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November 2009

November 30, 2009

Burlington to Host Public Meeting on Moran Plant Plans

The public is invited to hear a status update from city officials on the Moran Center Project tomorrow night.

The 7 p.m. meeting will be held at the Burlington Electric Department on Pine Street, Mayor Bob Kiss announced today.

The meeting is roughly one month after the Green Mountain Children's Museum pulled out of the project as one of three private partners, and just one week after the city's Community and Economic Development Office issued requests to fill that tenancy.

The City of Burlington and project partners from the Ice Factor and Community Sailing Center will discuss current plans for the Moran Project and the process for selecting a new tenant, as well as provide an outline for how the public can weigh in at upcoming meetings.

Ice Factor representatives from Scotland will be in Burlington this week, and will take questions from the public during the meeting.

Last week the City issued a Request for Letters of Interest for a replacement tenant for the Green Mountain Children’s Museum.

Continue reading "Burlington to Host Public Meeting on Moran Plant Plans" »

Sen. Randy Brock to Stay Put: No Run for Lite Guv

UPDATED BELOW (5:55 P.M.) — Sen. Phil Scott (R-Washington) to make "important announcement" Tuesday at 5 p.m. in South Burlington.

The GOP contest to succeed Lt. Gov. Brian Dubie narrowed today, with the news that State Sen. Randy Brock (R-Franklin) will seek reelection in 2010.

Brock was one of several current and former senators contemplating a run for lieutenant governor — a job whose primary duty is to preside over the state senate while it's in session.

"As lieutenant governor, my role would be limited and I would rarely be able to weigh in on issues of importance. However, in the senate, I would continue to have the ability to introduce, advance and influence key legislation. I would continue to be able to speak out forcefully on issues that affect all Vermonters," said Brock in a statement. "The 2010 elections are now far away. We still have a legislative session that begins in January. That session will be a difficult one, and by not entering into the race for a statewide office, I will be free to concentrate on the business that Franklin County and Alburgh voters sent me to Montpelier to do."

With Brock out of the race, all eyes now fall to state senators Phil Scott (R-Washington) and Sen. Vince Illuzzi (R-Essex/Orleans). Illuzzi has said he’s going to wait until after the legislative session to determine if he’ll make a run for lite guv.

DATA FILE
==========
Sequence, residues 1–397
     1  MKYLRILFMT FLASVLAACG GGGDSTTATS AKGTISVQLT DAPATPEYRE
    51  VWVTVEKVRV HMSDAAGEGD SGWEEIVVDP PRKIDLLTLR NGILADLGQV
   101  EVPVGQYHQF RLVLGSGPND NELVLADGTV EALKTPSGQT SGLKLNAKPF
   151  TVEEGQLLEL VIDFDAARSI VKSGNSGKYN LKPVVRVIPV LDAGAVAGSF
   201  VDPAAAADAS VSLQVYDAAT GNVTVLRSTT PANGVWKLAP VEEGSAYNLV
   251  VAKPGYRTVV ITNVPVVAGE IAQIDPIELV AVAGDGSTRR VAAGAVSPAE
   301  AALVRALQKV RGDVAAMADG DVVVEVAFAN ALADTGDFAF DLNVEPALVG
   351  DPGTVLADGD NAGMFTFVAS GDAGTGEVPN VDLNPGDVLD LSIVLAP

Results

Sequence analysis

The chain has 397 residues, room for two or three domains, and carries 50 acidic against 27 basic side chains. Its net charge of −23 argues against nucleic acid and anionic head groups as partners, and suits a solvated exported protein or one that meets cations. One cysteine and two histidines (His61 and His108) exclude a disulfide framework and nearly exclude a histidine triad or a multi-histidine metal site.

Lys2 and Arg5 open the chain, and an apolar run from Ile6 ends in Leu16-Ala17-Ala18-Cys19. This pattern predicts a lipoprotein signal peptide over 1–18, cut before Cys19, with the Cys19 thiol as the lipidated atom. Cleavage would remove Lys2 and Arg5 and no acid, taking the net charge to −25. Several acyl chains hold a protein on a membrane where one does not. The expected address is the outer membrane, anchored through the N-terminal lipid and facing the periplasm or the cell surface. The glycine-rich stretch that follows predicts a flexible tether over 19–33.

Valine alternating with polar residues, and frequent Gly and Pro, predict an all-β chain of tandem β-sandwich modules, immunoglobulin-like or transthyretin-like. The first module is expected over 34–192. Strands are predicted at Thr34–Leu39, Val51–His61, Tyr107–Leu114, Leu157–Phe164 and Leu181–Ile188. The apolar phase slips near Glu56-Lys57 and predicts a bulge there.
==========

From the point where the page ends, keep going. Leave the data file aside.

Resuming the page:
As of two weeks ago, Scott was 75 percent sure he would enter the race. Brock's announcement may be all he needs to make it official. 

So far there is only one declared GOP candidate — Republican Mark Snelling,the son of former Gov. Richard Snelling and Lt. Gov. Barbara Snelling. His sister, Sen. Diane Snelling, is currently the lone Republican in the six-member Chittenden County senate delegation. 

Continue reading "Sen. Randy Brock to Stay Put: No Run for Lite Guv" »

Vermont Couple Attends State Dinner

StateDinnerCrashpers While high society gatecrashers nabbed the headlines from last week's state dinner at the White House, one Vermont couple was among the event's 400 legitimate guests.

DSC00124_2 The event was held under a tent on the South Lawn in honor of a visit by Indian Prime Minister Manmohan Singh (see second photo).

Michaele and Tareq Salahi, of Virginia, found their way into the dinner and eventually came face-to-face with Pres. Barack Obama and First Lady Michelle Obama. The Secret Service has since admitted it made mistakes and said the couple should never have made it inside.

Jane and Bill Stetson of Norwich were at the event, and Bill Stetson snapped a few photos, including this photo, top right, of the Salahis. Michaele Salahi is in the center of the photo.

Bill Stetson told Seven Days that he and Jane Stetson entered the receiving line room to shake hands with Pres. Obama and Prime Minister Singh with Treasury Secretary Timothy Geithner and his wife.

Bill Stetson said it was interesting watching House Speaker Nancy Pelosi and former Chairman of the Joint Chiefs of Staff Colin Powell chat.

"It seemed like they were old friends," said Stetson.

InsideRoomStateDinnerBut, not everyone in the room was a household name. "They didn't invite the usual suspects," Bill Stetson said of the White House.

While Bill Stetson was invited, in part, because of his environmental activism and policy work during the Obama campaign, Jane Stetson was on the guest list as she is the Finance Chairwoman of the Democratic National Committee.